Submissions are to be made in the RAMP sandbox:
You can choose to either edit the code here directly, or upload your local version of the clusterer.py. You cannot upload any additional files. All code, (additional classes, functions, or constants etc) must be written inside the clusterer.py.
Don't forget to save and submit. You will make several submissions, make sure they are named in a later recognizable way.
Submission are run on a private set of events, different from the one provided, hence slightly different score is expected. You’re supposed to develop your software on your own laptop/platform and infrequently submit to RAMP platform (once you submitted on RAMP you have to wait 15 min before the next submission). Your submission will run in the backend within a few hours, and you will be able to see the score on the larger sample.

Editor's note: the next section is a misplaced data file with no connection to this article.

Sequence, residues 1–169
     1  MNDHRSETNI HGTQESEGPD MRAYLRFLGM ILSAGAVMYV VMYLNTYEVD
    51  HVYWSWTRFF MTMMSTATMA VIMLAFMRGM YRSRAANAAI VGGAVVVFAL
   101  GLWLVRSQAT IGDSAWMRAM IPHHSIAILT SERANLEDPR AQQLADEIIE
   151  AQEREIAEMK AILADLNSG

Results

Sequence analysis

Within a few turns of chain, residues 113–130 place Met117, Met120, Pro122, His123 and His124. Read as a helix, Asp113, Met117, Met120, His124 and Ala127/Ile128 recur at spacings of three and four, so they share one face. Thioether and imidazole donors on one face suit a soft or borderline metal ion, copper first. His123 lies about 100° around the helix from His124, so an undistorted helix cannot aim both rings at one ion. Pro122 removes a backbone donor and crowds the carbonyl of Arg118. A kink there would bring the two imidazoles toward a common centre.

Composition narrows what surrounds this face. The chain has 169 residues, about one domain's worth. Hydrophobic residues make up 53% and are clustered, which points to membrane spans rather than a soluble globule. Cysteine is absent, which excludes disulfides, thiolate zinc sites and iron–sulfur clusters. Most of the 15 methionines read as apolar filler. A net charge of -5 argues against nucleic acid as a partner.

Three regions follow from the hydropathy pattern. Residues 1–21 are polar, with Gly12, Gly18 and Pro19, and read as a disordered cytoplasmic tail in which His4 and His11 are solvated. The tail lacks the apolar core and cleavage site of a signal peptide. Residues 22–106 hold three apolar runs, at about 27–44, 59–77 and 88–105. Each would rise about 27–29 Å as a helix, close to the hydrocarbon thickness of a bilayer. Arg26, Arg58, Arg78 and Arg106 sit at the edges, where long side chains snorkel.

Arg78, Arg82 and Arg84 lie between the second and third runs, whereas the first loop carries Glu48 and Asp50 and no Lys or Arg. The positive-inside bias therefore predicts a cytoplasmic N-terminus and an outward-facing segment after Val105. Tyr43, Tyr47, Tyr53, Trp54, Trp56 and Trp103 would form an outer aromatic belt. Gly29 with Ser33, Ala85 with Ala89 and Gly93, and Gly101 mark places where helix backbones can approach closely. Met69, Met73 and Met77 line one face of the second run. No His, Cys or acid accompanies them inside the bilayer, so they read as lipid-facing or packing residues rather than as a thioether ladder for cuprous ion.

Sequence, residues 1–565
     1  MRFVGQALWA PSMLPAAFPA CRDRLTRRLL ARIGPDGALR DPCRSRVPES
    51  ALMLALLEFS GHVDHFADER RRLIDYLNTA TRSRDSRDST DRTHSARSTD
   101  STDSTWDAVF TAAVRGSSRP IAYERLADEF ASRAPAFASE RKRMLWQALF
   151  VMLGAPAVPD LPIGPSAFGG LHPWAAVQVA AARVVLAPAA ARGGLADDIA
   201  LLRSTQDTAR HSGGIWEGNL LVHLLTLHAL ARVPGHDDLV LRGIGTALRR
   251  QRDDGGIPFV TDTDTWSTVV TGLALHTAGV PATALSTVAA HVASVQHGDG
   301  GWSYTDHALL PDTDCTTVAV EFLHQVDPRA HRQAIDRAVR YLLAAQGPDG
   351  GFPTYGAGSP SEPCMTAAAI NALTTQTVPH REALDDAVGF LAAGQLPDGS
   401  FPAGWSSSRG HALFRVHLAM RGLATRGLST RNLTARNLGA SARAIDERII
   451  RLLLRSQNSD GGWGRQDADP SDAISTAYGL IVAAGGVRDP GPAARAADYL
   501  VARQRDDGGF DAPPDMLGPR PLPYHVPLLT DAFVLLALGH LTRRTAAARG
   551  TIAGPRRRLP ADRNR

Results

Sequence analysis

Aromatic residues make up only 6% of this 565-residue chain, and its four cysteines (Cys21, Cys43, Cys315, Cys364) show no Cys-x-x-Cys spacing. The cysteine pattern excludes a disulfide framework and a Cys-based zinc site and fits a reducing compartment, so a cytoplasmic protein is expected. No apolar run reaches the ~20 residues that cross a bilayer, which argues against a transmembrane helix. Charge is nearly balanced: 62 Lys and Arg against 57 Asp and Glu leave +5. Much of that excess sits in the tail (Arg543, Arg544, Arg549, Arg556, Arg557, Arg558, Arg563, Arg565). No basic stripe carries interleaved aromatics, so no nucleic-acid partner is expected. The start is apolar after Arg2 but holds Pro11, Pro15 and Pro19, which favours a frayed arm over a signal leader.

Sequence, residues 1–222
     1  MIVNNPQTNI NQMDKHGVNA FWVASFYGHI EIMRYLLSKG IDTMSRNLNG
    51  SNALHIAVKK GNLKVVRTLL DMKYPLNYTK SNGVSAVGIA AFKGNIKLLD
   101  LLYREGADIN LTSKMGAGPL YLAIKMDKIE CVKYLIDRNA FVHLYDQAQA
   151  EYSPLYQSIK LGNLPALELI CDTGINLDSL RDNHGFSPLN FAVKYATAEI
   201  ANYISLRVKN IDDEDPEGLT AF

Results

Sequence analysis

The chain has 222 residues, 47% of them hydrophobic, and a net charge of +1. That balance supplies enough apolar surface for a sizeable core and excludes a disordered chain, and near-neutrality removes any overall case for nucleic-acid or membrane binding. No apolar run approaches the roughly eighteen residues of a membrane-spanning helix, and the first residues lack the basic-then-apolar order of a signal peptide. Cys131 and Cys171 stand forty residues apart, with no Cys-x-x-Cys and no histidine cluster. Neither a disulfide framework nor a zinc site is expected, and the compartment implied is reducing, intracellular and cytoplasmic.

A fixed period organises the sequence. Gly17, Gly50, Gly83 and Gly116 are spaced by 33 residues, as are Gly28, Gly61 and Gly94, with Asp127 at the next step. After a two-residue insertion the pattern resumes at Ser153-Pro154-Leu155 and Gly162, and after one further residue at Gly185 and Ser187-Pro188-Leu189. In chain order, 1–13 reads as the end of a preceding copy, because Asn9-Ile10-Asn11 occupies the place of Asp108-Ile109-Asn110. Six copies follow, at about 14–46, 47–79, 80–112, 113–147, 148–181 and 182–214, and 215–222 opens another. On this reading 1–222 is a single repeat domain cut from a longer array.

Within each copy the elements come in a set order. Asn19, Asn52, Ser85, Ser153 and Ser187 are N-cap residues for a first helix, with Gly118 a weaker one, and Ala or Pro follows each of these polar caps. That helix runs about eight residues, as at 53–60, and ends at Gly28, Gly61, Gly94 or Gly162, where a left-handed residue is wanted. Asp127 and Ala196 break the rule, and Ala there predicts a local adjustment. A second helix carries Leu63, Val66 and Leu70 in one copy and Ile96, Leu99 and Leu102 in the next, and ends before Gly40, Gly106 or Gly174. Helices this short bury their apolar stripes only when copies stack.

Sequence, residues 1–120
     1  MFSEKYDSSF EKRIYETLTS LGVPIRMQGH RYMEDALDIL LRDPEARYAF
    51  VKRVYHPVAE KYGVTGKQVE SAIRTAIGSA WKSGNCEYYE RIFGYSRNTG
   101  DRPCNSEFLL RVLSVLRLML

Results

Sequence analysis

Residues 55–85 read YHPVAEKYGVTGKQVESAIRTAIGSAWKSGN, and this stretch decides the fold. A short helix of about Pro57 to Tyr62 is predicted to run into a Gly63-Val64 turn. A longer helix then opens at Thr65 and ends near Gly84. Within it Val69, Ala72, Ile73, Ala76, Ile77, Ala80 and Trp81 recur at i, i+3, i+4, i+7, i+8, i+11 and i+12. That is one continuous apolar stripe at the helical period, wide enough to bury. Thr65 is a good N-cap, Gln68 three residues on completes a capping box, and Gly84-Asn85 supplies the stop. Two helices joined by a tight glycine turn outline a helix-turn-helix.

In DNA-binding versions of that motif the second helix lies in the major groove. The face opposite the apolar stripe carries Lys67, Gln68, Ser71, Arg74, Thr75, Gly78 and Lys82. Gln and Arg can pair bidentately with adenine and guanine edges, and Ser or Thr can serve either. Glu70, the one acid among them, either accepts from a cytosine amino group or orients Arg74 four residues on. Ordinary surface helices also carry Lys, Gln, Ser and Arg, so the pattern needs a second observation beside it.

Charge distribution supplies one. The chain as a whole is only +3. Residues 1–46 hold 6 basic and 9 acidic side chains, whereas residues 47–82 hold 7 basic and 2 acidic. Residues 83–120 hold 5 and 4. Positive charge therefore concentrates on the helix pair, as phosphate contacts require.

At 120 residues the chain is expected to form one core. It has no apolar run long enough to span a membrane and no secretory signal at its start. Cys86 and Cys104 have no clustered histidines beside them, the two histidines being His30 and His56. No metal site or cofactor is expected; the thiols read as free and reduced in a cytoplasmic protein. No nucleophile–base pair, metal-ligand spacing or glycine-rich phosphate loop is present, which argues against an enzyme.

It is very important that you test your submission files before submitting them
, for this, please see the unit test
instructions at the very end of this notebook.
Beyond the challenge
The following aspects of tracking fall out of scope of the challenge:
* Track fitting
* Particle efficiency
* Fake tracks
* Momentum resolution
* Vertex finding and impact parameter resolution
* Tracking in 3D
Fake combinatorial tracks do affect the score in an indirect way, by reducing the efficiency due to one-to-one assignment between true and predicted cluster_ids. If there are fake tracks - that is, clusters that contain hits belonging to many different particles - that means the good cluster attached to each of these particles will be missing some of the hits.